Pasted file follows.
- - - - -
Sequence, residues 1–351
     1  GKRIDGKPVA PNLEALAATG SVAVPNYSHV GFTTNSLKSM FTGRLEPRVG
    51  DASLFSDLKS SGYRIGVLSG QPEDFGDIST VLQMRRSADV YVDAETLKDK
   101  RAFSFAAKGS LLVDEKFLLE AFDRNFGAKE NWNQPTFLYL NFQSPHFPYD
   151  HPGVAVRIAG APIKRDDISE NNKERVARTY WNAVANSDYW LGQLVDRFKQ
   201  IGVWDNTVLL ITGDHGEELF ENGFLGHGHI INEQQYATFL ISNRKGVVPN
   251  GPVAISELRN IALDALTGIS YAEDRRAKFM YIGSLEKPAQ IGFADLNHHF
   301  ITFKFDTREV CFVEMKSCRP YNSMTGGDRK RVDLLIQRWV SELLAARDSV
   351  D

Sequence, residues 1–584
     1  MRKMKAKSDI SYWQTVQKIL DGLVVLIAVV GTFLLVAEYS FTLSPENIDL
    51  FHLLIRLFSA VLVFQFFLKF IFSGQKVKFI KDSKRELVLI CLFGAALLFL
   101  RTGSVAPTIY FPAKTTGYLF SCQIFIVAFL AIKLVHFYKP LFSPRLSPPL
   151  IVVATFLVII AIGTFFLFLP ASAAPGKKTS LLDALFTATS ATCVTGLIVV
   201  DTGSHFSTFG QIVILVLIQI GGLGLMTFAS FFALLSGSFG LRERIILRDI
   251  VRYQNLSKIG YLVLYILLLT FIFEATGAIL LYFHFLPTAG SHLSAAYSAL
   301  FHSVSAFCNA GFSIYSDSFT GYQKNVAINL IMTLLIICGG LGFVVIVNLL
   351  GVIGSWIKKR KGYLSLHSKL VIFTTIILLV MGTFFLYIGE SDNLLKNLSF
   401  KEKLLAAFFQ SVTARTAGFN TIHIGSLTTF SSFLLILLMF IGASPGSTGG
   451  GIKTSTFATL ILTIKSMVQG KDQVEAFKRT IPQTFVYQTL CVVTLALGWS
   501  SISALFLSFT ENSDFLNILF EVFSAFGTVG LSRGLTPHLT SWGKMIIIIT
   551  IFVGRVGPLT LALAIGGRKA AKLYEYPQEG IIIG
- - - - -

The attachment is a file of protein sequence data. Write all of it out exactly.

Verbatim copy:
Sequence, residues 1–351
     1  GKRIDGKPVA PNLEALAATG SVAVPNYSHV GFTTNSLKSM FTGRLEPRVG
    51  DASLFSDLKS SGYRIGVLSG QPEDFGDIST VLQMRRSADV YVDAETLKDK
   101  RAFSFAAKGS LLVDEKFLLE AFDRNFGAKE NWNQPTFLYL NFQSPHFPYD
   151  HPGVAVRIAG APIKRDDISE NNKERVARTY WNAVANSDYW LGQLVDRFKQ
   201  IGVWDNTVLL ITGDHGEELF ENGFLGHGHI INEQQYATFL ISNRKGVVPN
   251  GPVAISELRN IALDALTGIS YAEDRRAKFM YIGSLEKPAQ IGFADLNHHF
   301  ITFKFDTREV CFVEMKSCRP YNSMTGGDRK RVDLLIQRWV SELLAARDSV
   351  D

Sequence, residues 1–584
     1  MRKMKAKSDI SYWQTVQKIL DGLVVLIAVV GTFLLVAEYS FTLSPENIDL
    51  FHLLIRLFSA VLVFQFFLKF IFSGQKVKFI KDSKRELVLI CLFGAALLFL
   101  RTGSVAPTIY FPAKTTGYLF SCQIFIVAFL AIKLVHFYKP LFSPRLSPPL
   151  IVVATFLVII AIGTFFLFLP ASAAPGKKTS LLDALFTATS ATCVTGLIVV
   201  DTGSHFSTFG QIVILVLIQI GGLGLMTFAS FFALLSGSFG LRERIILRDI
   251  VRYQNLSKIG YLVLYILLLT FIFEATGAIL LYFHFLPTAG SHLSAAYSAL
   301  FHSVSAFCNA GFSIYSDSFT GYQKNVAINL IMTLLIICGG LGFVVIVNLL
   351  GVIGSWIKKR KGYLSLHSKL VIFTTIILLV MGTFFLYIGE SDNLLKNLSF
   401  KEKLLAAFFQ SVTARTAGFN TIHIGSLTTF SSFLLILLMF IGASPGSTGG
   451  GIKTSTFATL ILTIKSMVQG KDQVEAFKRT IPQTFVYQTL CVVTLALGWS
   501  SISALFLSFT ENSDFLNILF EVFSAFGTVG LSRGLTPHLT SWGKMIIIIT
   551  IFVGRVGPLT LALAIGGRKA AKLYEYPQEG IIIG